There can be a lot of confusion when it comes to what to do post-nuclear attack. Odds are that you may have heard that taking potassium iodide can help, but maybe that’s the limit of your knowledge. How does it help? When do you take it? Who should take it? Let’s take a closer look…
The Dangers of Exposure to Nuclear Fallout
Immediately following a nuclear attack/accident there will be large amounts of radioactive material shot up into the sky. This material will be visible dirt and debris, and it is known as nuclear fallout. Nuclear fallout will eventually fall back down to the earth (from a height of several miles), irradiating the area where it is present. It can cause sickness and death to those who are exposed to it, and so it is absolutely vital that you avoid fallout as much as possible, particularly in the first few hours post-detonation, as this is when fallout is most dangerous (due to the higher levels of radiation).1
Exposure to fallout can result in acute radiation sickness, also known as ARS, and the symptoms can manifest themselves minutes to days after the initial exposure. So, sometimes you may not be 100% sure whether you’ve been poisoned by radiation or not.2
Every prepper should know how to make an expedient fallout shelter in their home. Look at our free downloadable fallout shelter designs and print them off – just in case.
The initial blast will shoot the radiation high enough into the atmosphere that, if you’ve not been incinerated by the fireball or liquefied by the percussive blast, you theoretically could have up to fifteen minutes before the fallout falls back to earth. That fifteen minutes could very well be enough time to take a few simple steps to stay safe.
Immediate steps to mitigate radioactive exposure should include:
- seeking out the basement or interior of a building (to protect yourself from most skin contact and inhalation dangers;
- removing your clothing and washing off the skin to get radioactive particles off of you;
- staying inside for at least 24 hours post-blast.1
However, if you can stay inside longer, by all means do so. Radioactive fallout decays very rapidly, but the longer that you can stay away from it, the better off you’ll be. By waiting 48 hours, the exposure rate would drop down to 1% for a hypothetical 10 Kt blast.3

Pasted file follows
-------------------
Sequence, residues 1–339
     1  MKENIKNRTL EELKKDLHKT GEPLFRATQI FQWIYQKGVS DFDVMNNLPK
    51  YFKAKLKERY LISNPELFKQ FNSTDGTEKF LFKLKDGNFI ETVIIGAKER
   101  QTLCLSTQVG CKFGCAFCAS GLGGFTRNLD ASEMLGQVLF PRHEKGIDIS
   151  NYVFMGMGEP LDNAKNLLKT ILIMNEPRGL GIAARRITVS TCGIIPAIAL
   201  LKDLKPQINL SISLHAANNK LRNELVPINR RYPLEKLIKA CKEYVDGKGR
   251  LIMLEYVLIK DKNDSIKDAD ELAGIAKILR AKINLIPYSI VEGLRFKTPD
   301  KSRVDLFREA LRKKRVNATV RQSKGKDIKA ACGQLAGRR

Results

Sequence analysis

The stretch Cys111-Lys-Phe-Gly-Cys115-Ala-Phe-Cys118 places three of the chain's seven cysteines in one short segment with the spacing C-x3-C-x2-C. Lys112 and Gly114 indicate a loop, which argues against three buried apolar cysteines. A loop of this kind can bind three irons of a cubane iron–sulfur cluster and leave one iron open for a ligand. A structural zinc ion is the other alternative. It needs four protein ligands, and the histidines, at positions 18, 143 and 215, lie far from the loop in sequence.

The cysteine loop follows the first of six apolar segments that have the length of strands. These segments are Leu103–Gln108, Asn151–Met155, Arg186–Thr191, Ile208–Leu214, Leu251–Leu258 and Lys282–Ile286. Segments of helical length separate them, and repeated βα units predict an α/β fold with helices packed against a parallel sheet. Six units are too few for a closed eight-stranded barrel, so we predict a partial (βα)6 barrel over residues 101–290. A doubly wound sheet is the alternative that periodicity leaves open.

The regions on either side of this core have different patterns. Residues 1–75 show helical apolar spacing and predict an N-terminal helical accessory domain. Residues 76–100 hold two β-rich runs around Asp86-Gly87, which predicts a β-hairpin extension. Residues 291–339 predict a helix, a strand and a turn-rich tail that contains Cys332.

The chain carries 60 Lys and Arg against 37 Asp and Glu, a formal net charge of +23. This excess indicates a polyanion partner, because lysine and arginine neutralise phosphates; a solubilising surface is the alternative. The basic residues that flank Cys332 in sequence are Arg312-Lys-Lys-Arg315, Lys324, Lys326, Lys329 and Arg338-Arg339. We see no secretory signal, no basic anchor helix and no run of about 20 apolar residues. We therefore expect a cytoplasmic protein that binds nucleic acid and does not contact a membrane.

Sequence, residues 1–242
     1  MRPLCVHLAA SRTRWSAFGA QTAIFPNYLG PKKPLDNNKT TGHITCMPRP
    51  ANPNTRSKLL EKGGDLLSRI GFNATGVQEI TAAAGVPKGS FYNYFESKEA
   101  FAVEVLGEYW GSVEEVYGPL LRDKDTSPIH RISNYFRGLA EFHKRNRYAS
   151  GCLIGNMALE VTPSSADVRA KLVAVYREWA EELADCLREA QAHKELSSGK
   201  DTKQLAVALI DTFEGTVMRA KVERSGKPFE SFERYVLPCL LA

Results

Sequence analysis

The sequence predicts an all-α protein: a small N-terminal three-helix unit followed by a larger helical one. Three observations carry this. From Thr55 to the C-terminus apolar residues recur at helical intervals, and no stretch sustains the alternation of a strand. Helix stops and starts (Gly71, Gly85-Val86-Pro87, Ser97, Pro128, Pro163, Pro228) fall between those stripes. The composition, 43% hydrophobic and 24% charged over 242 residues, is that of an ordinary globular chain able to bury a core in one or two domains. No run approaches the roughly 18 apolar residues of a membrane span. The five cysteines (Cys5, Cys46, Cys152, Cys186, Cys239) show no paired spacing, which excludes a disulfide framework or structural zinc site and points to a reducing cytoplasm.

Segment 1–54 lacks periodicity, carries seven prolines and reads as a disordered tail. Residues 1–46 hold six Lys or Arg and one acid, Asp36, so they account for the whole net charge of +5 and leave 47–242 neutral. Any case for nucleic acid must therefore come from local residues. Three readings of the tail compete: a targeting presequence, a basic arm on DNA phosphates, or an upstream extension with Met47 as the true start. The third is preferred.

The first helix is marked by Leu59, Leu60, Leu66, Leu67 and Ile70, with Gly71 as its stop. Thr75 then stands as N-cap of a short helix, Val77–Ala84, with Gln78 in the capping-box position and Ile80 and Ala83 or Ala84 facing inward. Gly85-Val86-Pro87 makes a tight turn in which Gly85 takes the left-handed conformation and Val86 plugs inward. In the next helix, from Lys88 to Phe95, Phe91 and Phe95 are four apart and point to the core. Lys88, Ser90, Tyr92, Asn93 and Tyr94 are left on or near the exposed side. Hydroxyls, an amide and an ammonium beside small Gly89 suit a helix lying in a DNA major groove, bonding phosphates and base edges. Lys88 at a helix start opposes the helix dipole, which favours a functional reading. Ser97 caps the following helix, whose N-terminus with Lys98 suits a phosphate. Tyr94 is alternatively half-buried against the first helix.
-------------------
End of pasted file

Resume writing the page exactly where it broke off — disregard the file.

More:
For more information, consider reading U.S. Armed Forces Nuclear, Biological And Chemical Survival Manual by Dick Couch.
- Couch, Dick (Author)
- English (Publication Language)
The Role of Potassium Iodide (Iodine)
Potassium iodide – also known as KI – works by protecting the organ that is most vulnerable to radiation damage – the thyroid. The thyroid likes to absorb iodine, but it can’t differentiate between radioactive and stable iodine. As a result, it will readily absorb either. KI works by flooding the thyroid to the point that it can’t absorb anymore with stable iodine for 24 hours, so that the radioactive iodine won’t be absorbed instead.4
Here are a few options for buying and storing Potassium Iodide:
- 60 Tablets
- Serving Size: 1 Tablet
- IOSAT - Pack of 3
KI does NOT keep radioactive iodine from entering the body, CANNOT reverse damage to the thyroid that has already occurred, does NOT protect the body from other forms of radiation. Further, it does NOT protect any other part of the body other than the thyroid gland.4
It’s important to note that other sources of iodine, such as in food or vitamins, do NOT contain high enough levels of the salt in order to protect the thyroid against radiation poisoning.4 Using these as substitutes for proper KI can have deadly consequences.
When Should You Take KI?
There are a number of potentially grave health risks that are associated with KI consumption. Thus, it’s important that one does not ingest KI willy nilly. The CDC states that KI should only be taken when recommended to do so by public health or emergency management officials state that it is wise to do so.5
This helps one to further understand the importance of being properly prepared for disaster. Without having proper communications equipment available, you may not have any idea whether there was a nuclear blast within your vicinity or not.
Should the power suddenly go out in your region due to a blast hundreds of miles away, you may not know that there’s a fallout shower heading your way unless you have a proper working radio.
Battery operated and hand crank radios will still function after a nuclear detonation according to ready.gov. Cellphones, internet, and TV will most likely not work.1 The ability to achieve proper intelligence is vital to survival. Information helps you to make better choices.
Potassium Iodide is important to stock if you think there is a chance of a large nuclear exchange or if you live near a nuclear power plant. The New York State Department of Health has offered advice on KI specifically for the latter.
Side Effects and Adverse Health Effects of KI
It’s very easy to think “well, if a little is good, then a lot is better!”, but this is most certainly not the case with KI. There are potential adverse health effects to KI ingestion that one needs to be aware of. Taking too much KI can lead to severe injury, illness, or even death. Gastrointestinal upset, allergic responses, rashes, and salivary gland inflammation are all potential side effects, as are rare thyroid gland issues.4